And yet. As one trader, asked if he knew of any fund that didn’t traffic in inside information, answered: “No, they would never survive.” The author adds: “In this way, black edge is like doping in elite-level cycling or steroids in professional baseball. Once the top cyclists and home-run hitters started doing it, you either went along with them or you lost.”

Sheelah Kolhatkar’s Black Edge: Inside Information, Dirty Money, and the Quest to Bring Down the Most Wanted Man on Wall Street (Random House, 2017) chronicles the government’s ultimately disappointing effort to build a case of insider trading against the legendary Steven A. Cohen of SAC Capital. The story, extensively reported at the time, transfixed the hedge fund world and financial news junkies. A lot of people were cheering for the government.

Kolhatkar, a staff writer for The New Yorker and author of the widely discussed article "What If Women Ran Wall Street?", worked as a risk arbitrage analyst at two hedge funds before becoming a journalist. For this book she relied not only on published press sources but on “hundreds of interviews with more than two hundred people, as well as voluminous court transcripts, exhibits, deposition testimony, SEC interview notes, notes taken by FBI agents during witness interviews …, diary entries, written correspondence, and other documents.” Predictably, Cohen refused to be interviewed.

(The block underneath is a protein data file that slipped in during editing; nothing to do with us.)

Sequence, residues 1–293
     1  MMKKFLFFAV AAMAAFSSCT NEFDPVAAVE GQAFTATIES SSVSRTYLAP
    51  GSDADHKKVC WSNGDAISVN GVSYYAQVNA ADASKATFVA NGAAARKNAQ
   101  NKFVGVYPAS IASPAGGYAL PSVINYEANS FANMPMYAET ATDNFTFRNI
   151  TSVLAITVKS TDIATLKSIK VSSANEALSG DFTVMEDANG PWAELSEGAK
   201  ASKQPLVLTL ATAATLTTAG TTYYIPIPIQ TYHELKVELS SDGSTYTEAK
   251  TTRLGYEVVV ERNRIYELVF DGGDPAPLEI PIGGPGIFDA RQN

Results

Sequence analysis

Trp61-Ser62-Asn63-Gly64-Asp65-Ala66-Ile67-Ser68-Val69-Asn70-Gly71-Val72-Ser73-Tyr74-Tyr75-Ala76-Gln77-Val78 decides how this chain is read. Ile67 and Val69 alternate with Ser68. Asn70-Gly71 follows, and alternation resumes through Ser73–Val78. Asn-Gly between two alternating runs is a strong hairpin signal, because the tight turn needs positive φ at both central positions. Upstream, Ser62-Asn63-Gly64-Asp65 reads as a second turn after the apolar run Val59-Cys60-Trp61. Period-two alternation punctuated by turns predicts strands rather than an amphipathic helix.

Black Edge doesn’t shed much new light on the SAC saga, but it’s still well worth the read. I couldn’t put it down.

Wednesday, February 1, 2017

Stone, The Upstarts

Brad Stone, author of The Everything Store: Jeff Bezos and the Age of Amazon, turns his attention in this book to the shared economy. The Upstarts: How Uber, Airbnb, and the Killer Companies of the New Silicon Valley Are Changing the World (Hachette, 2017) tells the stories not only of the companies that have become part of popular culture but, in passing, of those that fell along the way, the nonstarters.

Airbnb, now valued at $30 billion, more than any hotel chain in the world, and Uber, valued in late 2016 at $68 billion, more than any other private company in the world, both began as side projects, with modest business plans. Neither seemed especially promising. After all, who would want to sleep in some stranger’s house or have a stranger sleep in his? And who would think that making the San Francisco cab system more efficient was a revolutionary business idea?

Even as Uber modified its initial business model, most potential investors had serious reservations. Ron Conway, “famous for backing the holy trinity—Google, Facebook, and Twitter—passed on the deal. ‘This one looks like it will be a fight in every city,’ he sagely e-mailed a fellow investor.”

Funding was a major hurdle, but actually making the businesses work was much tougher. One crisis followed the next. A woman who had rented her apartment for a week via Airbnb returned to find it burglarized and trashed. She wrote about the incident on her blog. After Airbnb didn’t come through with the promised compensation or provide her with alternative accommodations but instead suggested that she “shut down her blog or update it with a ‘twist’ of good news,” she posted that she was “basically homeless, terrified, and ‘broken’ by the situation.” She told readers to “book yourself into a nice, safe hotel room the next time you travel.” A nonstop Twitter-fueled media storm followed.